Another cause for pumpkin plant yellow leaves could be a nutrient deficiency in the soil. Pumpkins require nitrogen for early vine growth and root development, potassium when pumpkins are growing and other trace minerals for various plant functions.
Any deficiencies in these nutrients can cause slowed growth of the pumpkin plant and pumpkins, as well as pumpkin leaves yellowing. And where the yellow discoloration shows up on the leaf can be a clue about which deficiency you’re dealing with:
- Yellowing on the entire leaf is a nitrogen deficiency (this is the most common cause of pumpkin leaves yellowing)
- Yellowing on the leaf margins indicates low potassium
- Yellow near the leaf central vein could be a lack of magnesium or iron
Solution: Apply Fertilizer
Use the right fertilizer for the right growing stage of your pumpkin vine. These come in a variety of formulations and concentrations, so always follow the manufacturer’s instructions for diluting and applying fertilizer for the best results.
Start with manure or compost in the soil before planting.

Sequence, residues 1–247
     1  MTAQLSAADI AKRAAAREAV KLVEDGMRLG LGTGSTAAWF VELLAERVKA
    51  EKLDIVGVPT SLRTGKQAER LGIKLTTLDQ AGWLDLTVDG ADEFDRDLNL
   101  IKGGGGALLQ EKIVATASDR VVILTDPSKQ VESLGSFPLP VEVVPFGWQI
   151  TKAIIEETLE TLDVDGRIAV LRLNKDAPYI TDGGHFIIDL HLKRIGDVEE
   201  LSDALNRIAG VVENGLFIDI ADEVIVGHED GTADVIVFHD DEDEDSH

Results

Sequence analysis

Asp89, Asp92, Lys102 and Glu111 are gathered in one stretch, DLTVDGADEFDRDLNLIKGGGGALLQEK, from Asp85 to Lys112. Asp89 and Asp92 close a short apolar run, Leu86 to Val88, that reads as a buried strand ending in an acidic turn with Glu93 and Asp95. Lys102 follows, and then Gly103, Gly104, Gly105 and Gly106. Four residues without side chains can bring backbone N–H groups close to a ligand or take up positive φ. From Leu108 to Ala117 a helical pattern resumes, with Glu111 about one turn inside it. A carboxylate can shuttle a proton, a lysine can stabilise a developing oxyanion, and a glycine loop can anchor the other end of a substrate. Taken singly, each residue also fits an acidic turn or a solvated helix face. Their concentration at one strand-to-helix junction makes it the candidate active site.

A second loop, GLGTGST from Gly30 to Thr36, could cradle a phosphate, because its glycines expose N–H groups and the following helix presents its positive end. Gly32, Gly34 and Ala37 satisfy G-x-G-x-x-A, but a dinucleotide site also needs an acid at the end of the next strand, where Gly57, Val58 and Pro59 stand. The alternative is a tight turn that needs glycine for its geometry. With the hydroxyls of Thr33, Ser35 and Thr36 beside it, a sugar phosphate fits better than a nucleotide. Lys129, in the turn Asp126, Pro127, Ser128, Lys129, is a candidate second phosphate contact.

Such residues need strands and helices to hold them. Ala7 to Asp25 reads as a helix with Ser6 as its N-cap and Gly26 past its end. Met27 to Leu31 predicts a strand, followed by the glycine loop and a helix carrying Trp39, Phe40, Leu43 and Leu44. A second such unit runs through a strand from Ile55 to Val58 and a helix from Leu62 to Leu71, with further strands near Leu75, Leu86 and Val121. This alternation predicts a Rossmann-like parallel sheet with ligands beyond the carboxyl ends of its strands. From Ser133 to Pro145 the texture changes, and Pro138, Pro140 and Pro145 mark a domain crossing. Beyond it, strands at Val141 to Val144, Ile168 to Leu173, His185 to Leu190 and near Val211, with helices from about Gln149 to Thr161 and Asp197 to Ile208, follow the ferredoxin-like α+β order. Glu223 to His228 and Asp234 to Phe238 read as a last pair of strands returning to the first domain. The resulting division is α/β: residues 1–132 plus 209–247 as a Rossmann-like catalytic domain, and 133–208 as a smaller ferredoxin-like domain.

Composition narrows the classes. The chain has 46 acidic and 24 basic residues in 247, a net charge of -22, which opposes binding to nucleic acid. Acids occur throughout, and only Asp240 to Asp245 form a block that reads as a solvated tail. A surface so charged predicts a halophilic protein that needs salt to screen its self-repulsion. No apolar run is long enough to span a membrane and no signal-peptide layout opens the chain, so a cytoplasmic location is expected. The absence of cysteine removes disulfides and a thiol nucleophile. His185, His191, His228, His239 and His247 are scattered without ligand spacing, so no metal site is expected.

From germination up to right before the flowers form, use a fertilizer high in nitrogen to boost healthy green foliage. Blood meal, like this one from True Organic, is ideal.
Once blooming starts, the situation calls for phosphorus. So a bone meal fertilizer, like this one from Jobe’s Organics, is best.
3. Lack of Sunlight
Pumpkins are sun-lovers, and they require at least 6 hours of direct sun every day. If they get less, your pumpkin plants can’t photosynthesize optimal amounts of sugar, leading to slow growth and yellowing leaves.
A lack of sunlight is often due to something blocking the sun’s rays from reaching the pumpkin patch:
- A house shadow
- Overhanging trees
- Nearby bushes
- Taller garden plants
Solution: Increase Sunlight Exposure
Increasing sunlight exposure may not be the easiest thing to do- especially if there’s a house or tree that’s the issue.
Trim back any shady tree branches that you can, and also give overgrown bushes or shrubs a good pruning. You may also want to consider moving shrubs/bushes to a different location if they’re not too large.
But even if there’s not much you can do about the sunlight exposure this year, don’t count it as a total loss. Once you’ve learned where the most sunlight hits your yard and garden, you can plan where to plant your pumpkin plants next year.